Posted by: oikosasa | October 10, 2014

A voyage into soil darkness

While most people know the aboveground part of forest ecosystems, very few have caught a glimpse of the belowground environment that comprises a highly diverse fauna. The number of species co-occurring on less than a square meter habitat ground (or a cubic meter of habitat volume) exceeds that of the aboveground compartment by far. In consequence, forest soil communities have been called “poor man’s rainforest”. Nevertheless, we still do not know much about the animals living in these “next-door” habitats and the structure of their communities.

beechforest

Impression of a central European beech forest. Much more is known about the aboveground animals and their interactions than about the belowground communities that carry out the critically important ecosystem functions of litter decomposition and nutrient recycling.

 

Why is our knowledge about forest soil communities so limited? Progress in our understanding of soil communities and processes has been hampered by the chronic lack of data for complex soil food webs of high resolution. This is caused by aggregation of populations in coarse functional groups, whose species often span multiple trophic levels from primary to secondary or tertiary predators. In addition, soil is an opaque medium leading to a limited visibility of interactions. Further, detritivores typically ingest a multitude of intermingled resources hampering identification of what the animals actually digest and live on. In the recent years, new molecular methods have emerged providing the possibility to unravel belowground interactions and the complex structure of forest soil food webs.

 

A soil core provides an impression of the complex structure of the belowground habitat. This environment comprises a highly diverse and complex animal community spanning several trophic levels.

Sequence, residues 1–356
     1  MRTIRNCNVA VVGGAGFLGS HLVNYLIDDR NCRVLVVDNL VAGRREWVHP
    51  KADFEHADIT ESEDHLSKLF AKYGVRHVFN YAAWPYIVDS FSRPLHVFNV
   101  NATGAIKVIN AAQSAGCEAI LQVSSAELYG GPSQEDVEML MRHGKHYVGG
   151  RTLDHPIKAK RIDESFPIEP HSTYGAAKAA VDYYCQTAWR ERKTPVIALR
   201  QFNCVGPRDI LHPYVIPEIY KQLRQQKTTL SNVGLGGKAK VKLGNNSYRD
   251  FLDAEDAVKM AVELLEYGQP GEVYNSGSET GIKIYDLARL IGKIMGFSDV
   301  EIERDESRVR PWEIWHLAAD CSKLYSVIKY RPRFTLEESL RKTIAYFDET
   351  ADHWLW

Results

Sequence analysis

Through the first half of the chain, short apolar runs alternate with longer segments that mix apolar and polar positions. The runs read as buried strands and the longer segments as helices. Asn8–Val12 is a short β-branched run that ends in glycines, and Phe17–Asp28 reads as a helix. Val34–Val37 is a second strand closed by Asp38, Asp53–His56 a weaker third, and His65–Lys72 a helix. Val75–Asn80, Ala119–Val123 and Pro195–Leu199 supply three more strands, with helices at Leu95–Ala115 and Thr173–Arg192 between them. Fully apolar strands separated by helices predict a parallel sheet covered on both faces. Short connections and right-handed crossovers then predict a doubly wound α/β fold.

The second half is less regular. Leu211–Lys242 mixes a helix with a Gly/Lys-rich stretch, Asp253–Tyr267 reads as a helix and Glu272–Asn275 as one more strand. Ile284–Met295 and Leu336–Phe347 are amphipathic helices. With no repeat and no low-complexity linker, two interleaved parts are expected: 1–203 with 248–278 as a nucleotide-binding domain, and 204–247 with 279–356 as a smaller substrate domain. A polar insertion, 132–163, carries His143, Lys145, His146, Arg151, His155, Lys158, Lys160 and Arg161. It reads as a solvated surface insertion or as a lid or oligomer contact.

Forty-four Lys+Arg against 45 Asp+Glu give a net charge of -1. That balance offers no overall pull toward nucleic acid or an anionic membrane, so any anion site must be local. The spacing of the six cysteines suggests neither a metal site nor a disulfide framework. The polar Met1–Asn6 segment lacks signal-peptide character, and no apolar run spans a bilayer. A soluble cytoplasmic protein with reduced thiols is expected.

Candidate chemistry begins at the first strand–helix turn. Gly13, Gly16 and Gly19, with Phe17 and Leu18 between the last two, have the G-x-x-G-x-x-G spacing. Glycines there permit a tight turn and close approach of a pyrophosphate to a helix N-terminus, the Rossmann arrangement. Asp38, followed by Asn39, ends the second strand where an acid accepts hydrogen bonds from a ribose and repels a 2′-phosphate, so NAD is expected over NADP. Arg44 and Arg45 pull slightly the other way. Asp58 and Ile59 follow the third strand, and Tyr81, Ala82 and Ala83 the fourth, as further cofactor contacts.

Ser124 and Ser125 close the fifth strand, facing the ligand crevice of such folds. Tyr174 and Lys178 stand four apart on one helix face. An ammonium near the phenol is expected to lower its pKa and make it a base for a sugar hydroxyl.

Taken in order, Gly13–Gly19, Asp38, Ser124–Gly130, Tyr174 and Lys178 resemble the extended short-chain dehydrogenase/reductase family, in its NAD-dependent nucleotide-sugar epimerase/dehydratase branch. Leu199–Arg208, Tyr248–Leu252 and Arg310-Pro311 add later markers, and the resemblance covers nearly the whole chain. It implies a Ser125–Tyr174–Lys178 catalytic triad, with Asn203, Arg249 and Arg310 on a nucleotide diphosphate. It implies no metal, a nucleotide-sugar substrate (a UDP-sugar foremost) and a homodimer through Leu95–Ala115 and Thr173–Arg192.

A soil core provides an impression of the complex structure of the belowground habitat. This environment comprises a highly diverse and complex animal community spanning several trophic levels.

The special issue “Into darkness” comprises several studies of central European beech forest soil communities. The studies included in this special feature fill employ state-of-the-art methods to unravel general feeding guilds by stable isotopes (Klarner et al.) as well as specific directed feeding interactions by molecular gut content and fatty-acid analyses (Ferlian and Scheu, Günther et al., Heidemann et al.). This allowed the construction of the first highly-resolved complex soil food webs (Digel et al.) and analyses how they respond to external drivers such as the nutrient stoichiometry of the basal litter (Ott et al.) and climate change (Lang et al.). Together, they provide a unique impression of a voyage into darkness.

Ulrich Brose, Editor of the Oikos Issue “Into Darkness”

 

 


Responses

  1. […] of soil food webs brought together by one of our editors Ulrich Brose. You can read more on this here. We jointly published with this special issue the forum paper of Fabrizio and colleagues as […]


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